When you’re a kid, you don’t have a full concept of drunk driving. Plus in the late ‘80s and early ‘90s, there wasn’t nearly as much of a focus on it as there is nowadays. I knew that drinking made my dad slur, tease, make fun of me more, have coordination issues, talk loudly, etc.
However, it hadn’t registered that it would impact his driving. Seat belts were also not heavily encouraged yet at this point. They just started to make a push on it. By habit, no one in my family ever wore seat belts.
Normally, I would fight to have the front seat position. Because I was so upset with him from multiple offenses on Christmas, I opted to sit in the back with my brother. In hindsight, I’m really thankful I did.
As we headed off, it only took a few minutes before I realized there was a big problem. He was stopping past the stop signs, drifting around the roads and blew a red light. I reached over and pulled my brother’s seat belt across him. He fussed about it out loud, keying my dad into what I was doing.
As I secured my own seat belt, he asked, “What? Do you think I can’t drive?” He clearly found it humorous. (He always believes he’s got it all under control when he drinks.) But there was also an undertone of being mad at the inference. He sharply swerved the car, on purpose, from side to side. He started laughing, finding it hysterical that he was scaring me.
My dad, even when not drinking, is a huge risk taker. His enjoyment in risky things was often put onto us as his kids as well. He especially liked to try to scare me. He would do things like sneak me onto rides I was too small for, and I’d be afraid the entire time I might fall out.
The Zipper ride that could've killed me
That actually happened once on a fair ride called The Zipper. With the help of his two sisters, he snuck me onto the four-person cage ride. The fair ride would make full rotations back and forth. I slipped right out and began to bang around the cage—hitting the other people, the metal bars and walls.
As people screamed to stop the ride, luckily the operators quickly responded and stopped the ride. We were up at the top, of course, but it allowed my aunts to grab me and hold me while the ride operator slowly brought our car to the bottom and let us out. I was banged up and bruises, but luckily that was the extent of it.
The drunk car ride that would never end
So, as my dad swerved the car around the road, making his way to the highway—I was fearful about whether he was capable of making it the next 20 minutes to my aunt’s house. He chastised me from the front of the car, “Do you think I’m drunk? I can drive.”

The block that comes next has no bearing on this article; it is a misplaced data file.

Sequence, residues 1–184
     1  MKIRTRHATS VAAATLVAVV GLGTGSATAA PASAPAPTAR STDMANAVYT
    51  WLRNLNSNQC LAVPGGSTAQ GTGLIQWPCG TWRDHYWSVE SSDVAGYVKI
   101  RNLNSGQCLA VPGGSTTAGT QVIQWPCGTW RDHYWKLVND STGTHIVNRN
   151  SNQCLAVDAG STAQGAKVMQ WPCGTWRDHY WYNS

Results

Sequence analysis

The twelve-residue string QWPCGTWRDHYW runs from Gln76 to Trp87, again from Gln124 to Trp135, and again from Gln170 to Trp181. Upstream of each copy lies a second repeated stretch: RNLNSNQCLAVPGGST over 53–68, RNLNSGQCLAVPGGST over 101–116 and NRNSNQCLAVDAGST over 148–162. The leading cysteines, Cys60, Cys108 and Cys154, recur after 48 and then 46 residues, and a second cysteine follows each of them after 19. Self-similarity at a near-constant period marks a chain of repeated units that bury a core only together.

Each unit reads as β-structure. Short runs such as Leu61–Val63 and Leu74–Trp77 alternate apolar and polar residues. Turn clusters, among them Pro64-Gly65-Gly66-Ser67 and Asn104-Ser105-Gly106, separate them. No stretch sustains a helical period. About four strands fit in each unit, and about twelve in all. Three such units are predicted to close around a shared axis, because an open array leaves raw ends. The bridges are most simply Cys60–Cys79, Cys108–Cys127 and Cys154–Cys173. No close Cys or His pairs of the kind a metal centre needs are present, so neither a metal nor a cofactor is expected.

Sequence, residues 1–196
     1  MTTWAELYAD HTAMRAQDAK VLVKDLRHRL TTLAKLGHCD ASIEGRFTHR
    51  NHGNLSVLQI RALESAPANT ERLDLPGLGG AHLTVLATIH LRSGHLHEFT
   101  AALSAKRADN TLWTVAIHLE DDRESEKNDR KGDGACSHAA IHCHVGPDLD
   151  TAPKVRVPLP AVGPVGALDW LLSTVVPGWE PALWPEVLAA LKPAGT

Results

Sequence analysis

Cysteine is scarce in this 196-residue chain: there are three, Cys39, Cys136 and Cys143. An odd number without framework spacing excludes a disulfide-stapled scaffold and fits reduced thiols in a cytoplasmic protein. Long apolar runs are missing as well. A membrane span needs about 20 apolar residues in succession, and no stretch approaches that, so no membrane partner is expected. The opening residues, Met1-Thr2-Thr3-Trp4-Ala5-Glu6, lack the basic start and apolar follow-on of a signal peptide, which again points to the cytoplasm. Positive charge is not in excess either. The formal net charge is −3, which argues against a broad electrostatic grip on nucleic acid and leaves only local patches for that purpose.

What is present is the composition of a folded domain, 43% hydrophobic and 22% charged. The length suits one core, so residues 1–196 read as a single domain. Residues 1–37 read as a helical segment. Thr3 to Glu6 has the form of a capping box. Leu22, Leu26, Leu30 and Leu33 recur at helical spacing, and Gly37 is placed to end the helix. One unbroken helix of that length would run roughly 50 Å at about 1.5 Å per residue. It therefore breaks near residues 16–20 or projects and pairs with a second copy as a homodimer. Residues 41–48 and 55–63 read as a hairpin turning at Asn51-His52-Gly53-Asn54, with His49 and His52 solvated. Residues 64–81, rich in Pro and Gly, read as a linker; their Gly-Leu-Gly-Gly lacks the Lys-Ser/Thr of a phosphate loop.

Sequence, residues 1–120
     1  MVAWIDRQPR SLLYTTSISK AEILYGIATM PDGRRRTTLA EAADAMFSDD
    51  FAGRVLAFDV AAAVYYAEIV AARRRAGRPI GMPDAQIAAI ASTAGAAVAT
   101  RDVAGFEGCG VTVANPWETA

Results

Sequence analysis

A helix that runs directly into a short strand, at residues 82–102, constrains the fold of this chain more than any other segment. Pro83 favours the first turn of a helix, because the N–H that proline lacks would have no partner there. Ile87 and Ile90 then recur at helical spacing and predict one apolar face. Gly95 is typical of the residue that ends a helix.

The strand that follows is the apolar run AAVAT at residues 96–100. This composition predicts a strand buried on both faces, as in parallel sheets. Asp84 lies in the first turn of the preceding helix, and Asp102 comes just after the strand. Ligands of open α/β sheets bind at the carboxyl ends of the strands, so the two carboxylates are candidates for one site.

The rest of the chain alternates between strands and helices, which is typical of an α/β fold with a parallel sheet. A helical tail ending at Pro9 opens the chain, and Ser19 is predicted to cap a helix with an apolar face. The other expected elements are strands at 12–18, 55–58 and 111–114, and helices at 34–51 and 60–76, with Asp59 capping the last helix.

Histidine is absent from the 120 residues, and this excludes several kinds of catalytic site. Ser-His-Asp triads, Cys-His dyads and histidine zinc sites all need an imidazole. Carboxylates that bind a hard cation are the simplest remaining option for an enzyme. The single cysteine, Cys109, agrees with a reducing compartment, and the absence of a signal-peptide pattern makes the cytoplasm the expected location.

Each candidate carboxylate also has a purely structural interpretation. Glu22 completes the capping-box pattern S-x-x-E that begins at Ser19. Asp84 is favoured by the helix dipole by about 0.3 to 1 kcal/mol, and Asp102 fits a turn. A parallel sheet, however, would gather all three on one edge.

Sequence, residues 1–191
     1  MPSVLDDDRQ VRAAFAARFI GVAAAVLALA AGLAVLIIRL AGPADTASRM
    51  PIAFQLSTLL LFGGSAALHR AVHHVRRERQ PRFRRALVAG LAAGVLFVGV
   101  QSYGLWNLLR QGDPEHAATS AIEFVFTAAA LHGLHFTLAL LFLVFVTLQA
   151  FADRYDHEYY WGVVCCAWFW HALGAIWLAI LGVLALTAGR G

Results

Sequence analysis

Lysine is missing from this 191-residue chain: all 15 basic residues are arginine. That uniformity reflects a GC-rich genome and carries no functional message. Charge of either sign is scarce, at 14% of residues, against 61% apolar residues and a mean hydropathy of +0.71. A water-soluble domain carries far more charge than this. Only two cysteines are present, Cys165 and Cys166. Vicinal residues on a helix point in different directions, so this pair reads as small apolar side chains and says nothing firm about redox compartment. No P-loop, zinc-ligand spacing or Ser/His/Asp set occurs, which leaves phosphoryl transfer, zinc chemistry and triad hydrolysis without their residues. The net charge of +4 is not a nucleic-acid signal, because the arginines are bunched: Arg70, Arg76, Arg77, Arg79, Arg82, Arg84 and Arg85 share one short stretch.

Silence on my end.
“And what the hell? Telling your stepmom that I ‘did this all the time’? I didn’t do this all the time! What did you mean?”
I stumbled through a response, something along the lines of explaining when he would come home after drinking and hearing him and my mom fight.
He refuted, “Oh come on. I didn’t do that all the time.”
Maybe he didn’t do it all the time. But what number would have made him feel better? 10 times? 5 times? Enough that his 4-6 year old child has memories of it? Each time was enough for me to know I didn’t want to experience it again. I fell silent.
He continued to ramble on, “And you said I was an alcoholic. I’m not an alcoholic! You have no idea what real alcoholics look like!”
My focus at this point was more on his driving than his words. I continued to stay silent, watching out the window as he had several near misses of side-swiping cars or rear-ending them. This almost felt worse than the roller coaster rides.
He was completely out of control. The person I could usually count on to “save” me from the danger at the moment was the danger. He ran a couple more red lights. The first one was on accident, but because I yelled out, “DAD! It’s red!” then he thought it was funny to run some more. He was speeding on top of it all because we were late.
I was never more thankful to be out of a car than when we arrived at my aunt’s house.